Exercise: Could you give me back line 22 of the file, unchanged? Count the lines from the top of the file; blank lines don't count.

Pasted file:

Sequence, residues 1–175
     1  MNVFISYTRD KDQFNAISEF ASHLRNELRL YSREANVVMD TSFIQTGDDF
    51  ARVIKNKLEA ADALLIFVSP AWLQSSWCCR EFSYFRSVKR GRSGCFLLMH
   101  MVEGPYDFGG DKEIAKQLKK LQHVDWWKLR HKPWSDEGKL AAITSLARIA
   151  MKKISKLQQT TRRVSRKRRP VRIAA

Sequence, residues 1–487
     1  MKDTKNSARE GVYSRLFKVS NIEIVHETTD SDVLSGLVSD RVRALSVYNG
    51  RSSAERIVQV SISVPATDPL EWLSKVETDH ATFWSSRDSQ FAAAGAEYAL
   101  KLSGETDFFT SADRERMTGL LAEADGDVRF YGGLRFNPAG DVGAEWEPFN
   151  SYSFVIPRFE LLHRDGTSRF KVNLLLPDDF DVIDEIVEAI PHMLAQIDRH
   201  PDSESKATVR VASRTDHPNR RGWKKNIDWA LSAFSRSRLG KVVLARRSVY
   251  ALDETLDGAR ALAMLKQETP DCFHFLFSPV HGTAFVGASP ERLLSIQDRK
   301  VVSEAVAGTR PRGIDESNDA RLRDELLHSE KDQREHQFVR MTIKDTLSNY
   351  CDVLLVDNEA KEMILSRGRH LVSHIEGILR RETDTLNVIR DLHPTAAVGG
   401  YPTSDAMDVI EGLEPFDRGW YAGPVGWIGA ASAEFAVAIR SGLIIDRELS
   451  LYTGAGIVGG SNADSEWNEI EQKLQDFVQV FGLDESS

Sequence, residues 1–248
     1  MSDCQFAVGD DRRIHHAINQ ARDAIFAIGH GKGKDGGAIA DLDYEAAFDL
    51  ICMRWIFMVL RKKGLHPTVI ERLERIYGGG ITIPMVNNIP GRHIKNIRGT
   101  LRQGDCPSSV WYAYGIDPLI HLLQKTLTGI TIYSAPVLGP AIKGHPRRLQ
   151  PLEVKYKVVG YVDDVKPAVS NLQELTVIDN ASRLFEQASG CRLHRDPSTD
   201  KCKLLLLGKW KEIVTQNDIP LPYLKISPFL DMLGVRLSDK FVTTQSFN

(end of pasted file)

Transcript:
   201  KCKLLLLGKW KEIVTQNDIP LPYLKISPFL DMLGVRLSDK FVTTQSFN